Israeli research breathes new life into EU battle against a life-threatening disorder

Sponsored by: ISERD
12 Nov 2019 |

Horizon 2020 funding helps start-up Respinova develop ground-breaking treatment

The average person takes 20,000 breaths per day. But for the millions of people suffering from Chronic Obstructive Pulmonary Disorder (COPD), each of these 20,000 breaths is painful and exhausting.

COPD is a progressive, chronic disease that obstructs airflow from the lungs. Nearly one in five Europeans over 40 live with some form of the disease, which results in 300,000 European deaths each year, according to the European Lung Foundation.

But Israeli research, backed by the EU’s Horizon 2020 programme, could alleviate the severe suffering arising from this disease, which costs the EU more than €141 billion annually, according to the European Respiratory Society.

“The major unmet need in Europe and around the world is a treatment that addresses the root cause of COPD complications: small airway collapse,” explains Cliff Ansel, CEO of Respinova, an Israeli start-up trying to develop a revolutionary new treatment for COPD. “Until you can treat this, you only delay the inevitable. When patients keep getting progressively less oxygen into their bodies, eventually, they’ll wind up in the hospital.” One third of COPD sufferers will have to go to the emergency room each year, according to the European Federation of Allergy and Airways Diseases Patients’ Associations.

Respinova’s PulseHaler™ solution aims to get at the root of COPD complications by opening patients’ small airways.  Emitting finely tuned pressure waves that open even the deepest, smallest airways, the PulseHaler marks a ground-breaking new approach to COPD treatment.  “For patients suffering from COPD, there’s no other solution able to help them quite like this,” says Ansel. “There are several types of devices on the market that address COPD, but none of them has any evidence of directly improving the small airway closure. We’re really treating the fundamental part of the disease and, by definition, that extends across the entire gamut of COPD patients.”

Shifting horizons toward Europe

Respinova’s research is supported by €2.4 million from the EU’s Horizon 2020 SME Instrument programme, which backs research and innovation through open competitive calls for proposals. After being validated in two successful early trials, the programme had enough confidence in the PulseHaler technology to award Respinova Phase I and II grants.

Ansel says that while Respinova initially intended to launch PulseHaler in the US, the Horizon 2020 funding prompted the company to shift its focus to Europe – helping Europeans breathe easier.

While the funds acted as a powerful accelerant, the distinction associated with such a high-profile programme proved decisive in moving the product closer to commercialisation. This is especially true with a larger-scale third clinical trial about to begin.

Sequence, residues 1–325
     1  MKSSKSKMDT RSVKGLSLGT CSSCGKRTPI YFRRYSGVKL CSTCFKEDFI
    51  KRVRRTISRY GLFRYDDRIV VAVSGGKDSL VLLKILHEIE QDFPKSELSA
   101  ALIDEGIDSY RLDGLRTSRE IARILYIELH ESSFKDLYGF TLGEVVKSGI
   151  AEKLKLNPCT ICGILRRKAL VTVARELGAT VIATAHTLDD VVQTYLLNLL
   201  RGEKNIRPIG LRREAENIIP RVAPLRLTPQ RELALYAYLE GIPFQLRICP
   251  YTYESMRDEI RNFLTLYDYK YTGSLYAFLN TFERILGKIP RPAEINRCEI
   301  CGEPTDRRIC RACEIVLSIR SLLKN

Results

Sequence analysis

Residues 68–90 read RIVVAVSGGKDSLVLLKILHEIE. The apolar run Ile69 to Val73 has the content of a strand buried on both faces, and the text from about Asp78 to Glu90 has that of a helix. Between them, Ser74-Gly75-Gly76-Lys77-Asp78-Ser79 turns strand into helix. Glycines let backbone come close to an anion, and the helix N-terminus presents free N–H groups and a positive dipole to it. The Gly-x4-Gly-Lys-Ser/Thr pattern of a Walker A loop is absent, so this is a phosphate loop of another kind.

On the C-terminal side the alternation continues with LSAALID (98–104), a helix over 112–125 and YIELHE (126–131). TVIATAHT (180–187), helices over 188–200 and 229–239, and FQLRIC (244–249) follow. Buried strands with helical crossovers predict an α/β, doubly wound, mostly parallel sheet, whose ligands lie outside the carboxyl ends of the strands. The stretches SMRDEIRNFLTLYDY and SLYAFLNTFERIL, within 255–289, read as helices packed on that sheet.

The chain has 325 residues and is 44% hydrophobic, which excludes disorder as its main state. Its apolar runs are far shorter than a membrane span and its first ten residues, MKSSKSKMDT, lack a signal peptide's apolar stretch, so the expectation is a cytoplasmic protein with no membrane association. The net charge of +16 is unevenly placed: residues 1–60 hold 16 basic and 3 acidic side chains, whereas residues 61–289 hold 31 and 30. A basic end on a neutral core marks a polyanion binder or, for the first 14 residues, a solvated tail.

Given COPD’s staggering impact on millions of people and the current gaps in existing treatments, time is of the essence, and Ansel hails Horizon 2020 as precisely the kind of programme that can bring life-changing treatments to market, sooner, when every second, and every breath counts.

“I’d say the combination of being freed up from having to chase funding, combined with the credibility that comes from being a Phase II project easily shaved a full year off the process of prepping to launch PulseHaler in the EU,” says Ansel.

As one of the most daunting public health challenges confronting researchers and care providers, COPD offers a prime case study in how the innovations that make a real difference in people’s lives will depend on collaboration and cooperation among scientists, companies, and governments across international borders.

EU/Israel collaboration: Greater than the sum of its parts

Through the Horizon programme, the EU has gained exposure to the skills and knowledge of 1,400 leading Israeli researchers. In addition, Israel will have contributed €1.3 billion to Horizon 2020 by the end of 2020, which the EU is allocating according to Europe’s needs and priorities.

Past EIC Accelerator grantees include early-stage companies and start-ups with ground-breaking products. These companies address a range of healthcare issues impacting Europeans, with solutions, such as wireless heart implants that send data directly to the HMO, anti-cancer treatments, and drug delivery platforms for treating women with breast cancer and other diseases. Other Israeli Horizon 2020 participants are researching autonomous driving, fuel alternatives, food security, and cybersecurity, among other topics.

The hope is the combination of EU knowhow, experience, academic distinction and resources along with Israeli ingenuity, interdisciplinary excellence and pluck will bring about a new era of innovation. By matching Israeli innovators with European funding, researchers, marketing channels and regulators, Horizon 2020 aims to make the prognosis for ground-breaking advances in Europe even brighter.

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